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Notes on the scheduler in sched.c:
'sched.c' provides an very simplistic multi-threading scheduler.
See the example, function 'sched(...)', in the same file for its
API usage.
Until an exhaustive testing can be done, the implementation cannot
qualify as that of production quality. It works with the example
in 'sched.c', it may or may not work in other cases.
- There are NO primitives for thread synchronization (locking,
notify etc).
- Only the GPRs and FPRs context is saved during a thread context
switch. Other registers on the PowerPC processor (60x, 7xx, 7xxx
etc) are NOT saved.
- The scheduler is NOT transparent to the user. The user
applications must invoke thread_yield() to allow other threads to
- There are NO priorities, and the scheduling policy is round-robin
- There are NO capabilities to collect thread CPU usage, scheduler
stats, thread status etc.
- The semantics are somewhat based on those of pthreads, but NOT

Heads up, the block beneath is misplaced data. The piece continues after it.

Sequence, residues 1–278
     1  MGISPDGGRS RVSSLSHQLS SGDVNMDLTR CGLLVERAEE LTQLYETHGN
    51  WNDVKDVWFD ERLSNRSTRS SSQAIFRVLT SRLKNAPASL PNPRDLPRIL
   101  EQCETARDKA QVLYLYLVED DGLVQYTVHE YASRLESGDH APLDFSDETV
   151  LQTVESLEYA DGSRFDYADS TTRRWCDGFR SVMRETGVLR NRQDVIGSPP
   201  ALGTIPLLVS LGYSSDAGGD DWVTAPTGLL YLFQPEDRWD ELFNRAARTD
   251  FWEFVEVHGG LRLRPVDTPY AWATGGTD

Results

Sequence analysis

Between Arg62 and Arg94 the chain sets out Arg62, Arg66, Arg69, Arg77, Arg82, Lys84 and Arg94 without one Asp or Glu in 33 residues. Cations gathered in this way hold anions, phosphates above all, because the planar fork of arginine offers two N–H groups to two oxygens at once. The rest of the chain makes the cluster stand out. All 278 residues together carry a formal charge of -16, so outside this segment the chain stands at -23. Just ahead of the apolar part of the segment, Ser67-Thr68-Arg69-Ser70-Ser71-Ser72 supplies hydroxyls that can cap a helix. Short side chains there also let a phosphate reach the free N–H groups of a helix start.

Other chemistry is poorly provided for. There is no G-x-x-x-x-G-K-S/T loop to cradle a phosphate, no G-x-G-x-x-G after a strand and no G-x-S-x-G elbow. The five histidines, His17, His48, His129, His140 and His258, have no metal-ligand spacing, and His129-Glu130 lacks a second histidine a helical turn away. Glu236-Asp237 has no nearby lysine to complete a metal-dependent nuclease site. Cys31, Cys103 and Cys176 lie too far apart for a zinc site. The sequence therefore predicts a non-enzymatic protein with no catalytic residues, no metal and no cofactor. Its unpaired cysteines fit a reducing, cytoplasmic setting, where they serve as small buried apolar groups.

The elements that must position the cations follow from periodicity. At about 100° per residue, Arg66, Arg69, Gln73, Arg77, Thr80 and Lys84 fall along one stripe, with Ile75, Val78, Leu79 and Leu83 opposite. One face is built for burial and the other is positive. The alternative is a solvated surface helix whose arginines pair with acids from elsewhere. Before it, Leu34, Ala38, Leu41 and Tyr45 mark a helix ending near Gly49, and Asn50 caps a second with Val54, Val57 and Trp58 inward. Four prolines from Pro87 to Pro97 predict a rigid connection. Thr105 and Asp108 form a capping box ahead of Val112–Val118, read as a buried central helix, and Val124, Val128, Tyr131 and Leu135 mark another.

the same.
- Only seven threads are allowed. These can be easily increased by
changing "#define MAX_THREADS" depending on the available memory.
- The stack size of each thread is 8KBytes. This can be easily
increased depending on the requirement and the available memory,
by increasing "#define STK_SIZE".
- Only one master/parent thread is allowed, and it cannot be
stopped or deleted. Any given thread is NOT allowed to stop or
delete itself.
- There NOT enough safety checks as are probably in the other
threads implementations.
- There is no parent-child relationship between threads. Only one
thread may thread_join, preferably the master/parent thread.
(C) 2003 Arun Dharankar <ADharankar@ATTBI.Com>